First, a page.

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The health care conglomerate has drawn scrutiny for months over its halting process to scale up production of a vaccine that is easier to handle and, by virtue of being a single shot, easier to use than other authorized vaccines.

Its use in the United States has been paused since last week as health officials study a possible link to a very rare but serious blood clot condition.

Emergent has been seeking regulatory authorization to make the J&J vaccine in the United States. It stopped production at the plant recently, saying the FDA had asked it to do so after an inspection.

J&J’s plant in Leiden, the Netherlands, is still producing doses for the world. It has another facility in India, which is currently curtailing exports of the shot as it struggles to vaccinate its own population.

Johnson & Johnson reiterated on Wednesday that it was working to establish a global supply chain in which 10 manufacturing sites would be involved in the production of its COVID-19 vaccine, in addition to the Leiden plant.

The company has a US government-brokered agreement with rival drugmaker Merck, which is preparing to make doses of J&J’s vaccine.

Failure to train personnel

The FDA in its final 12-page inspection report said it had reviewed security camera footage in addition to an in-person site visit to the Emergent plant.

It found a failure to train personnel to avoid cross-contamination of COVID-19 vaccines from Johnson & Johnson and AstraZeneca, which had also been produced at the site. The agency also cited staff carrying unsealed bags of medical waste in the facility, bringing it in contact with containers of material used in manufacturing.

The FDA reviewed security camera footage and visited the Emergent BioSolutions plant in Baltimore.
Getty Images

Earlier this week, the House launched an investigation into whether Emergent used its relationship with a Trump administration official to get a vaccine manufacturing contract despite a record of not delivering on contracts.

Emergent said in a statement that it is working with the FDA and J&J to quickly resolve the issues outlined in the report.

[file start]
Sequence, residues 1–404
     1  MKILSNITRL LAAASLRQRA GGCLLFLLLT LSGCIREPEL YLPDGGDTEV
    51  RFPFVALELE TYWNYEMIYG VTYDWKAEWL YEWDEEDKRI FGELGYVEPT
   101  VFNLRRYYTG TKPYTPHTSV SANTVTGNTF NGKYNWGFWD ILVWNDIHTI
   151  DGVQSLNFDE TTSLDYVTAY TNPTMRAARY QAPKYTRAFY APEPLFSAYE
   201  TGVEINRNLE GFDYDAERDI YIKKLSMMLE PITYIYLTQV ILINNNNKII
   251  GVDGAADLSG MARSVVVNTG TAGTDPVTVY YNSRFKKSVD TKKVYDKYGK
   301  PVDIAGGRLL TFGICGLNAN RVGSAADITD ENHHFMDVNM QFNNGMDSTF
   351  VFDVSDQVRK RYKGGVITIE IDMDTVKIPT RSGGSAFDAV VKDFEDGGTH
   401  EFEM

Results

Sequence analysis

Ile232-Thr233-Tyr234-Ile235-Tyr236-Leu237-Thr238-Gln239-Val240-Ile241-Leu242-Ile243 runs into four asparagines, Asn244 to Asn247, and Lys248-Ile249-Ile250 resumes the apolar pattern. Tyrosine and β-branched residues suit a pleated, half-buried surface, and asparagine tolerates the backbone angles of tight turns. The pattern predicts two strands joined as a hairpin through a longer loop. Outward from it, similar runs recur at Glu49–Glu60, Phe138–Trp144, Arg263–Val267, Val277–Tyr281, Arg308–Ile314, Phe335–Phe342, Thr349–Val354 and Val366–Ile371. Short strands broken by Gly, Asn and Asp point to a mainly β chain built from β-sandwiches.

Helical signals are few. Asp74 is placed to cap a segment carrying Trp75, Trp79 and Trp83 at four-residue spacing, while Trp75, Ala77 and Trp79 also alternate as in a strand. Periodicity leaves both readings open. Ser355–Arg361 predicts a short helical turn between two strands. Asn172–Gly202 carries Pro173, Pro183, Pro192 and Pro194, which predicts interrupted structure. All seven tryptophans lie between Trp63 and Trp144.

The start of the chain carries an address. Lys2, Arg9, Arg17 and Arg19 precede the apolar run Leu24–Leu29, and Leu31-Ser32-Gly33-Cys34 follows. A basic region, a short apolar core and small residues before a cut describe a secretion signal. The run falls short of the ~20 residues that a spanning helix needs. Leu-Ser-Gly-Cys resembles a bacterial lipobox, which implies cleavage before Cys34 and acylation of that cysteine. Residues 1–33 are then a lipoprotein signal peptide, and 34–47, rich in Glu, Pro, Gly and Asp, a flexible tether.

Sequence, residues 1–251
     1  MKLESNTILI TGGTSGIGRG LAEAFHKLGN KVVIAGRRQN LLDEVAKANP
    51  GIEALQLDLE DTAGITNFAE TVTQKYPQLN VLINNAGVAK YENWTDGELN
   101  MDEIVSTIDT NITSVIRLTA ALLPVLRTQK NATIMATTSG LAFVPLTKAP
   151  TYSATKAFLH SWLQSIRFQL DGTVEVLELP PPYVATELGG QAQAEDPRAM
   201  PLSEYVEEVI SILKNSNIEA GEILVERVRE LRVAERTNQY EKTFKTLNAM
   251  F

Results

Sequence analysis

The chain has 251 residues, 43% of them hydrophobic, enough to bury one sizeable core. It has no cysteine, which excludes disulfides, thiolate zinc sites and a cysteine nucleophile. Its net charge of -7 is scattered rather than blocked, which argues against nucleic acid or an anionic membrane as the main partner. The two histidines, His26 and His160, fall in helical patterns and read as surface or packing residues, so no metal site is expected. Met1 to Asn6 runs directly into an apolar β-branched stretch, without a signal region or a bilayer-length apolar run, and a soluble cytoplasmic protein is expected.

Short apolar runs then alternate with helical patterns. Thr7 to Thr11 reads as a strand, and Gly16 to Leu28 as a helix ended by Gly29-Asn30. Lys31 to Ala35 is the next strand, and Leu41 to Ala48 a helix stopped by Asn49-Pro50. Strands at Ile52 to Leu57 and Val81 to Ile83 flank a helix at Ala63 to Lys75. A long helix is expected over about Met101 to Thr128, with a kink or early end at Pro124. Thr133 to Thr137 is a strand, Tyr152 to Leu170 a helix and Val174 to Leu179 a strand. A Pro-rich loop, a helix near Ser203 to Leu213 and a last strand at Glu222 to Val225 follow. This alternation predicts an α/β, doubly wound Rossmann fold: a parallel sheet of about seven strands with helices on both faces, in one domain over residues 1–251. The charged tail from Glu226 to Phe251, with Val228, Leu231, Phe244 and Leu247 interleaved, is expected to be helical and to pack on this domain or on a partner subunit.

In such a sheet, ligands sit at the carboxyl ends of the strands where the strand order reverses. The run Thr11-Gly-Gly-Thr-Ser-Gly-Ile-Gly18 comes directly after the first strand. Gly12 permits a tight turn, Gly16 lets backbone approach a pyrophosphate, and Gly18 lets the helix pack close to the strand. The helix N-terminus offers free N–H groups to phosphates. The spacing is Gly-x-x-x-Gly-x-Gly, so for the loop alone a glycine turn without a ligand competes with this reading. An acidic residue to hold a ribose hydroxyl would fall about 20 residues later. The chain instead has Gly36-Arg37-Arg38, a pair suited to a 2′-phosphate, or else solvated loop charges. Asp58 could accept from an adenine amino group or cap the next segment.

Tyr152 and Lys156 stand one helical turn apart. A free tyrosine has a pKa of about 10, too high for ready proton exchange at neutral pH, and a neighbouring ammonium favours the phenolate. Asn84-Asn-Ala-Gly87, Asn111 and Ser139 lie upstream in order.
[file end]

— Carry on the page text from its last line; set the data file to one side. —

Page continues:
Production of the AstraZeneca vaccine, which is not yet authorized for use in the United States, was previously stopped at the Emergent plant after ingredients from that shot contaminated a batch of J&J vaccine, ruining millions of doses.

The FDA also noted that Emergent did not produce adequate reports showing that the vaccines it was producing met quality standards.

The inspection, carried out between April 12 and April 20, also found the building not of suitable size or design to facilitate cleaning, maintenance or proper operations.

J&J said it was redoubling its efforts to get authorization for the facility as quickly as possible.

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One dead after pair of fires breaks out in Manhattan

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One person was killed and several others were injured in a pair of Manhattan fires Wednesday morning, officials said.

The first blaze erupted in Midtown around 8:15 a.m. inside a DSW Designer Shoe Warehouse at 213 W. 34th St., where an escalator became fully engulfed in flames — sending smoke billowing into the first and second floor and the interconnected 40-story hotel building, fire officials said.

It was not immediately clear which hotel it was.

Five firefighters suffered minor injuries putting out the blaze.

“The fire went out, but we have a smoke condition that we’re trying to alleviate,” FDNY Battalion Chief John Porretto said at the scene. “Units are going to remain on scene until all the smoke alleviates.”

The fire marshal will determine the causes of the fire.

A second blaze broke out 15 minutes later on the Upper East Side at 1576 2nd Ave., officials said.

A three-alarm fire at 213 W. 34th Street in Manhattan that left one dead
A three-alarm fire at 213 W. 34th St. in Manhattan left one dead.
NYFD

One man died in the fire and a second man was in serious condition at Lenox Hill Hospital, police said.

A firefighter suffered minor injuries battling the blaze and was taken to Cornell Hospital, fire officials said.